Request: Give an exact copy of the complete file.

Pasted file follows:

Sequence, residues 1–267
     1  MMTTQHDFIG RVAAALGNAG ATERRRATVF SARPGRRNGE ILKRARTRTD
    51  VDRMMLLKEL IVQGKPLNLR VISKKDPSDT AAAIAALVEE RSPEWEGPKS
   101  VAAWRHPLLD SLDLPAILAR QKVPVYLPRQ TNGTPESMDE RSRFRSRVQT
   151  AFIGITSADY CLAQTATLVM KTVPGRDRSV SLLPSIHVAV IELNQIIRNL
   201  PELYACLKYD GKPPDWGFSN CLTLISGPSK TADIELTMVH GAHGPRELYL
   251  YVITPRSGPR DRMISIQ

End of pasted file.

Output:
Sequence, residues 1–267
     1  MMTTQHDFIG RVAAALGNAG ATERRRATVF SARPGRRNGE ILKRARTRTD
    51  VDRMMLLKEL IVQGKPLNLR VISKKDPSDT AAAIAALVEE RSPEWEGPKS
   101  VAAWRHPLLD SLDLPAILAR QKVPVYLPRQ TNGTPESMDE RSRFRSRVQT
   151  AFIGITSADY CLAQTATLVM KTVPGRDRSV SLLPSIHVAV IELNQIIRNL
   201  PELYACLKYD GKPPDWGFSN CLTLISGPSK TADIELTMVH GAHGPRELYL
   251  YVITPRSGPR DRMISIQ